How we got free advice from the private sector

Elizabeth Coe, chief executive of the National Association of Child Contact Centres, says it turned to the Cranfield Trust to clarify its strategic objectives. Annette Rawstrone reports

National Association of Child Contact Centres
National Association of Child Contact Centres

Getting business input from the commercial director of a national corporation has rejuvenated the strategy of the National Association of Child Contact Centres and boosted its potential to secure funding.

Elizabeth Coe, chief executive of the supporting membership body for about 350 child contact centres in England, Wales and Northern Ireland, says that when she joined the charity in January 2013 it lacked a good business plan that was "forward-looking and would attract funders".

She identified a skills gap in the organisation. "We've got a great board of trustees with a good range of skills, from financial to legal, and social workers who understand all about safeguarding children," she says. "But what was missing was a strong business mind."

Coe approached the Cranfield Trust, which provides free management advice to charities through volunteer management consultants; it matched her up with Paul Corcoran, the commercial director for DeltaRail, a software provider for the transport industry. Corcoran is responsible for the company's commercial strategy, bids and procurement.

"As a social worker, I've managed budgets for years, but there are some things I'm not so good at," says Coe. "Getting help from someone who was more focused and strategic was wonderful. Paul has helped us achieve a sound business strategy to sell to funders."

Coe and Corcoran embarked on a two-day planning meeting with the board to focus on the charity's strategic objectives, and then involved all the staff in their delivery. Corcoran says: "In an organisation that is providing a service, it's easy to get stuck in to dealing with the next issue and do a lot of fire-fighting. But it's important to revisit the organisation's strategy to be clear about which areas to focus on, so that we can develop objectives and new services and identify what is needed in the long term to make the organisation more sustainable." Corcoran says it's essential to get the objectives right; these can then guide day-to-day decisions and help the organisation to be more focused on securing funding.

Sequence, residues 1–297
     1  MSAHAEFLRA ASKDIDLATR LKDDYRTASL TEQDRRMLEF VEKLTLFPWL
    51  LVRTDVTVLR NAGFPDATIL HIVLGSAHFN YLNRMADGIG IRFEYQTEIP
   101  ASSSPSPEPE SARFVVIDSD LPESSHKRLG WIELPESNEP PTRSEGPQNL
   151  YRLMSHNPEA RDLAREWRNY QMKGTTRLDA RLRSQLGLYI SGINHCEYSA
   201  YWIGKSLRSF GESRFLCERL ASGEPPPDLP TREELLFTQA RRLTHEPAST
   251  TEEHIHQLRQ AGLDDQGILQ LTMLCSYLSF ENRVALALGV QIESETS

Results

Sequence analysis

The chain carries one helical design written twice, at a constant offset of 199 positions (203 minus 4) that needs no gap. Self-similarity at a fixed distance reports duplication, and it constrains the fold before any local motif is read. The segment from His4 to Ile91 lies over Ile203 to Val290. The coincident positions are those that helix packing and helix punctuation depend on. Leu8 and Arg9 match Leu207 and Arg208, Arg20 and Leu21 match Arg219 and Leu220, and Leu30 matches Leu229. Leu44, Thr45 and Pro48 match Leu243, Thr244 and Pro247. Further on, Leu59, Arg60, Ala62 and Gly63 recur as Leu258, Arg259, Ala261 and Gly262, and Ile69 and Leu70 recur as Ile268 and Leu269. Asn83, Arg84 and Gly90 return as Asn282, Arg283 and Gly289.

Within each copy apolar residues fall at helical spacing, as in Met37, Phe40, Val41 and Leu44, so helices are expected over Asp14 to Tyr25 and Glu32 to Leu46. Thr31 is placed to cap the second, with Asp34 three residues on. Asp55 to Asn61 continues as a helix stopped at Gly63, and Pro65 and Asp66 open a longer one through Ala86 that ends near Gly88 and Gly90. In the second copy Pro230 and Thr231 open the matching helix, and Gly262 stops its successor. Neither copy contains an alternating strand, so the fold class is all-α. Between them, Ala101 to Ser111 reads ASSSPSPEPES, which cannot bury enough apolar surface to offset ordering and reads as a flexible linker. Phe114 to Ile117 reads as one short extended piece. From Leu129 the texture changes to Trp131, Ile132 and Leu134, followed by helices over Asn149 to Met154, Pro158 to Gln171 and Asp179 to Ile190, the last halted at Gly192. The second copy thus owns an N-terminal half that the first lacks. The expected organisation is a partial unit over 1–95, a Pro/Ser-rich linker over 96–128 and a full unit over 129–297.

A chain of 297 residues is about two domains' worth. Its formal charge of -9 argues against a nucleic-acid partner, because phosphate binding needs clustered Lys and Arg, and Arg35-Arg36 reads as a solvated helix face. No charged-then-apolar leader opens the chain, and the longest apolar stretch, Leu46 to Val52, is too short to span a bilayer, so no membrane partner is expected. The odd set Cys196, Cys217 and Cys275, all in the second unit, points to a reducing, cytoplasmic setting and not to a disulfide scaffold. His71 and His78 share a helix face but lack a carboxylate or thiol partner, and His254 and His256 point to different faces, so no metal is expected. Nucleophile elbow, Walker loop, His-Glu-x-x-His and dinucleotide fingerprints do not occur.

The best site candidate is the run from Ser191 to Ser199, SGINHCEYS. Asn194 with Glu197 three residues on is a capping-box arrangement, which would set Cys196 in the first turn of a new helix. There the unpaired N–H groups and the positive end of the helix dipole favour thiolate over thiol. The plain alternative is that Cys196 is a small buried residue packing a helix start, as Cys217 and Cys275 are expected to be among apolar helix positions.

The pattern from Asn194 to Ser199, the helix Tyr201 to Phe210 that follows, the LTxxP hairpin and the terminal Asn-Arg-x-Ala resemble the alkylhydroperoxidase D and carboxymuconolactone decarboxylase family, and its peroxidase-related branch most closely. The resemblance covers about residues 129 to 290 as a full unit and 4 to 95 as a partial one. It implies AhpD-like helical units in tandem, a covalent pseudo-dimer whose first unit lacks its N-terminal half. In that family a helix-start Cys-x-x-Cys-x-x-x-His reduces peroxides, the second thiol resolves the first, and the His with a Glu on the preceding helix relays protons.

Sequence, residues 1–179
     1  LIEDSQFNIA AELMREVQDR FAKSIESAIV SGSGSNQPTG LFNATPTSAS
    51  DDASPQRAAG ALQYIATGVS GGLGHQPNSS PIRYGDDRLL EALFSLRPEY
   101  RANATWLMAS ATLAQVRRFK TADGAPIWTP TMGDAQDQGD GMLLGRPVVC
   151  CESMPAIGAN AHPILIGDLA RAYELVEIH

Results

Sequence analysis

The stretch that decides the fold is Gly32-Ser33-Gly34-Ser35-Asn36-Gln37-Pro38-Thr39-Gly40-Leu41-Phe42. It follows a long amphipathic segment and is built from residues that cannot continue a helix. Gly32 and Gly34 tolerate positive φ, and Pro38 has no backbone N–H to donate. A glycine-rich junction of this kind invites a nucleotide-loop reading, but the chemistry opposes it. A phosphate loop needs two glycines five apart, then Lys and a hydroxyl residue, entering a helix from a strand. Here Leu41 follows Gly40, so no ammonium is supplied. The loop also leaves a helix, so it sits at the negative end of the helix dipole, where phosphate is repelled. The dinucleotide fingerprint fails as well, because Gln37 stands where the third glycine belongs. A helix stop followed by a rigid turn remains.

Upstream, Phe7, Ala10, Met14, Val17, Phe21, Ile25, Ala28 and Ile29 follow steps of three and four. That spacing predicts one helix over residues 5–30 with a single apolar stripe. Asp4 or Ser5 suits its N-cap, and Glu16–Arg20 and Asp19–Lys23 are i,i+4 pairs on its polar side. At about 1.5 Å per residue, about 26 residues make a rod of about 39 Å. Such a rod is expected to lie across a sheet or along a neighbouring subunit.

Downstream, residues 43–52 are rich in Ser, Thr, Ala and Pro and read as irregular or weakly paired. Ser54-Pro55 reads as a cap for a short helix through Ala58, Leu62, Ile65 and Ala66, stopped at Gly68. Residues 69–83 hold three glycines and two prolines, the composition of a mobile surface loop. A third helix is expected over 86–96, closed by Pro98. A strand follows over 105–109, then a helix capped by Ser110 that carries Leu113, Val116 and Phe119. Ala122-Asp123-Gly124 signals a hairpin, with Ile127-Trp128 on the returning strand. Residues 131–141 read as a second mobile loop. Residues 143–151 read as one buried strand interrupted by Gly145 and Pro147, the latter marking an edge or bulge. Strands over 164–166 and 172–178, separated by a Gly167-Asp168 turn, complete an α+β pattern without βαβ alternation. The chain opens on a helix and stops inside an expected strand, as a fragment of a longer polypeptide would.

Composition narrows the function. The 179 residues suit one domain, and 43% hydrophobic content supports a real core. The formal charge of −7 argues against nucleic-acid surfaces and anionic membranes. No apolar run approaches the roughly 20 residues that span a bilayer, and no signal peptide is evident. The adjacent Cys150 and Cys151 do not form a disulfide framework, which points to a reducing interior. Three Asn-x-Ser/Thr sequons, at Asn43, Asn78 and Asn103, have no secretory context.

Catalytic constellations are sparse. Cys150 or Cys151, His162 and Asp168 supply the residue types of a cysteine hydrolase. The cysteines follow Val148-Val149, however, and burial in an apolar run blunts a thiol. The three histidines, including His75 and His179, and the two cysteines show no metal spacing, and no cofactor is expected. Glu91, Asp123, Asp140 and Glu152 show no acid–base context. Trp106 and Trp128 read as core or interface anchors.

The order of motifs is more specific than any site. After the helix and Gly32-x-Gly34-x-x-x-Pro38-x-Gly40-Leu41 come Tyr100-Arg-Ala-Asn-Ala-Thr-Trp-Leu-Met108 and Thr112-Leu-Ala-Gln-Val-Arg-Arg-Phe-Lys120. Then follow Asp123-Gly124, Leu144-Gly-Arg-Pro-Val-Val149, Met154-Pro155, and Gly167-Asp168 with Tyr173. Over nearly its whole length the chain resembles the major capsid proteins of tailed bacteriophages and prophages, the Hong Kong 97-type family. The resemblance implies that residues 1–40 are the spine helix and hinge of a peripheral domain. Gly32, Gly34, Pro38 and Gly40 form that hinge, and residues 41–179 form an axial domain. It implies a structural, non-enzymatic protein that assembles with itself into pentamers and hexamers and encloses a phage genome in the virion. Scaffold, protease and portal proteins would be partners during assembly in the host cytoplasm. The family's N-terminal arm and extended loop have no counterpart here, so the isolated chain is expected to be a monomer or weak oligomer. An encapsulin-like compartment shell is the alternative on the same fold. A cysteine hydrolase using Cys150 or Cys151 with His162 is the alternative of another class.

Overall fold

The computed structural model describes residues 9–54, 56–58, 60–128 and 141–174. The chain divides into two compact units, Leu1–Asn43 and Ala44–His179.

Through his work with the NACCC, Corcoran says he has come to see the similarities between the private and third sectors. "The challenges faced by charities in getting funding are much the same as those faced by private organisations," he says. "They both exist in competitive environments, and they need to know their strengths and weaknesses and look at where funding is coming from in order to adapt their plans. For both, it is important to differentiate yourself in the competitive environment and focus on unique selling points."

Coe says she felt that the NACCC was not good at trumpeting its strengths. Corcoran helped it to be more specific and to tailor bids to the required criteria, with a clear story spelling out why it was applying and why it needed to secure funding. He advised the charity to make personal contact with potential funders, rather than just sending an application. "If you know someone, you read the application differently than you would a cold application, and that helps if you have not quite got the message right on the page," Corcoran says.

Since adopting these new practices, the NACCC has been successful in a number of bids, securing funding from, among others, the City Bridge Trust and Cafcass, and £382,000 from the Department for Work and Pensions in January this year. Corcoran enjoyed working with the charity so much that he has recently joined its board of trustees, and he continues to advise on its business plan, marketing strategy, online presence and funding bids.

Coe says: "It's important to take any help you can if you want the health of the organisation to continue. No one has got all the skills needed to run an organisation. We'd have been foolish not to get someone in with business knowledge – and we're not letting Paul go."

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